• Selecting “Smart from the Start” renewable energy site locations can minimize negative impacts on wildlife and their habitat while helping to fight climate change and keep our world green.

Top row – Deterrents like fladry and livestock guardian dogs;  Middle row – infrastructure improvements like an overpass in Colorado and a salamander underpass in California; Bottom row – raingarden installation in Tacoma, Washington

I am incredibly proud of the milestones that Defenders has achieved over the past 35 years:

  • 1984 — Defenders secured congressional and state funding for the US Fish and Wildlife Service to expand a livestock guardian dog pilot program to test their effectiveness deterring coyotes in Oregon and Texas and wolves in Minnesota.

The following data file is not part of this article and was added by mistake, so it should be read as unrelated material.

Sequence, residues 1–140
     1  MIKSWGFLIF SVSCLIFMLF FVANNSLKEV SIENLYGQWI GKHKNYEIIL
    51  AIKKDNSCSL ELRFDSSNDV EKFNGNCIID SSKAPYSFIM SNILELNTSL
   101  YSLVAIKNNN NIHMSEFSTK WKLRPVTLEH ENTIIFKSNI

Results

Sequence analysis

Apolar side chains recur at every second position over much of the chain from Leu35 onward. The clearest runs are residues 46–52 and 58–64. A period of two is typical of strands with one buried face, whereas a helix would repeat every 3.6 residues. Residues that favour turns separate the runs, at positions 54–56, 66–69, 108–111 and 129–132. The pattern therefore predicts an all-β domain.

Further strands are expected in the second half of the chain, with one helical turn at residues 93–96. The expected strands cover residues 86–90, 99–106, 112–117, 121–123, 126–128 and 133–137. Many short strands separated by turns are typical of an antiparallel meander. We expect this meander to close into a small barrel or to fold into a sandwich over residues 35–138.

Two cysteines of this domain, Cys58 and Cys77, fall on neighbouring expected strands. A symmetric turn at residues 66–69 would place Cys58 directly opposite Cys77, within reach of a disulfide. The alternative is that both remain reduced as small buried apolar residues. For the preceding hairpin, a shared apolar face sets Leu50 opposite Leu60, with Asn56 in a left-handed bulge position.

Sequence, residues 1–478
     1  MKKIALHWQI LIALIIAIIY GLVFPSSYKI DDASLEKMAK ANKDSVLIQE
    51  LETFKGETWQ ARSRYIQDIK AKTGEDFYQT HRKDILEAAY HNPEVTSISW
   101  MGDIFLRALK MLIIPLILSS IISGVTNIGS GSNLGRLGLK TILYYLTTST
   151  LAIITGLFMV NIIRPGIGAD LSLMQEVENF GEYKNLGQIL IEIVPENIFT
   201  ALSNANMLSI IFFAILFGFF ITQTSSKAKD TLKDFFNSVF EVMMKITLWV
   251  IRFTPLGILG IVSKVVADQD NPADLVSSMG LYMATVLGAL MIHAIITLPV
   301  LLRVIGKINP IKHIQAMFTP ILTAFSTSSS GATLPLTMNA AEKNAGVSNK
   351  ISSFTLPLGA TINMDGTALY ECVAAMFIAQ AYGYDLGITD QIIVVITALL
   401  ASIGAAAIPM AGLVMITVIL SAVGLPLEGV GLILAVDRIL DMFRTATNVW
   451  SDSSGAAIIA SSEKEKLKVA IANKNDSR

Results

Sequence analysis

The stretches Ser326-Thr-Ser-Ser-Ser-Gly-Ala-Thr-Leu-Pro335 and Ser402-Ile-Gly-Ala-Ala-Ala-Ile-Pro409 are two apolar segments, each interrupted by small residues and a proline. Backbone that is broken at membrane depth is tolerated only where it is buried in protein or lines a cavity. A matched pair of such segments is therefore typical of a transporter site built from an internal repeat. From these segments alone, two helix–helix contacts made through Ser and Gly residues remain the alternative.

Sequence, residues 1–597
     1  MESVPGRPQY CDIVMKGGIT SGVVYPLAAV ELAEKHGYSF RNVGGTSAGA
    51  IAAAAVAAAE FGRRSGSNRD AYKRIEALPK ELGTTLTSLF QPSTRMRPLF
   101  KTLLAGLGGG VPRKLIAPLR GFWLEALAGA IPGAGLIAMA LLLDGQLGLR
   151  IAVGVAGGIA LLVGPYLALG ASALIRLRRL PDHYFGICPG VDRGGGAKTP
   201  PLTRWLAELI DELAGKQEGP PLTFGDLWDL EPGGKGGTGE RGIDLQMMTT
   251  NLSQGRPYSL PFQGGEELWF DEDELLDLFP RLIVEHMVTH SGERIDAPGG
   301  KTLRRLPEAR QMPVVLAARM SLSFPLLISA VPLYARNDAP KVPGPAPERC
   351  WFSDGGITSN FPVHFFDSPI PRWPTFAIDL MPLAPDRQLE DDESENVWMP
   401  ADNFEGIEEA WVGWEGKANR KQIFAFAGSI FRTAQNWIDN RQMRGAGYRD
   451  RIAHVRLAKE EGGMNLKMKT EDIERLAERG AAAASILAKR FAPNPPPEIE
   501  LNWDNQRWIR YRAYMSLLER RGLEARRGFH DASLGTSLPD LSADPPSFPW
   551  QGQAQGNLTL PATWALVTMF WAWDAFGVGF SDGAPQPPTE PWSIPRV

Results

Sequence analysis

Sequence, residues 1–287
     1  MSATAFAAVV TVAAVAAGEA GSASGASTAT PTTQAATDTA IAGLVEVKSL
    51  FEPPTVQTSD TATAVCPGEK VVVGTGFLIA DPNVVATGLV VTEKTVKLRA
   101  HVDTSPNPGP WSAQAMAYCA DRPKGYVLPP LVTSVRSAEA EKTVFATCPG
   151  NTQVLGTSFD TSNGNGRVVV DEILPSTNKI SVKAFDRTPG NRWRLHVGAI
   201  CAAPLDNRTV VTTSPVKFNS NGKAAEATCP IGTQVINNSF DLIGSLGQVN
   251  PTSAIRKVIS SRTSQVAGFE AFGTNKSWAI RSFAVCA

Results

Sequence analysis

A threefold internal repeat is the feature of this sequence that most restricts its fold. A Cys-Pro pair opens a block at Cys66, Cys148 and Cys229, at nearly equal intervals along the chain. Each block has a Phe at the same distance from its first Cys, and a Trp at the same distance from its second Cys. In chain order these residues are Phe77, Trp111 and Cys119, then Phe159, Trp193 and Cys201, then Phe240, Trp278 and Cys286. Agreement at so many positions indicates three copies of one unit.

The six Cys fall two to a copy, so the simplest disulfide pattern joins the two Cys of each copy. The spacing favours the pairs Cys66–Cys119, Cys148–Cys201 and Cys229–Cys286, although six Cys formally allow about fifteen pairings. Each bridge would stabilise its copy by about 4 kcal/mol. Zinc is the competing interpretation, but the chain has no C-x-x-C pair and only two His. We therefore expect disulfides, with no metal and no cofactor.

• 1987 — Defenders established the Defenders of Wildlife Wolf Compensation Trust (renamed in 2000 as the Bailey Foundation Wolf Compensation Trust) and made the first livestock depredation compensation payment for wolves in Montana.
  • 1993 — Defenders opened its Florida office to begin work on Florida black bear coexistence.
  • 1995 — Defenders’ compensation program, expanded in the early 1990’s, helps lead to the successful reintroduction of gray wolves in Yellowstone National Park.
  • 1998 — Defenders established the Bailey Proactive Carnivore Conservation Fund to collaborate with ranchers on using nonlethal interventions to protect livestock from wolves, grizzly bears and other predators in the northern Rockies.
  • 2004 — Defenders launched its Florida panther coexistence program to reduce depredations on livestock and pets.
  • 2007 — Defenders began its livestock enclosure program to reduce Florida panther depredation on domestic animals.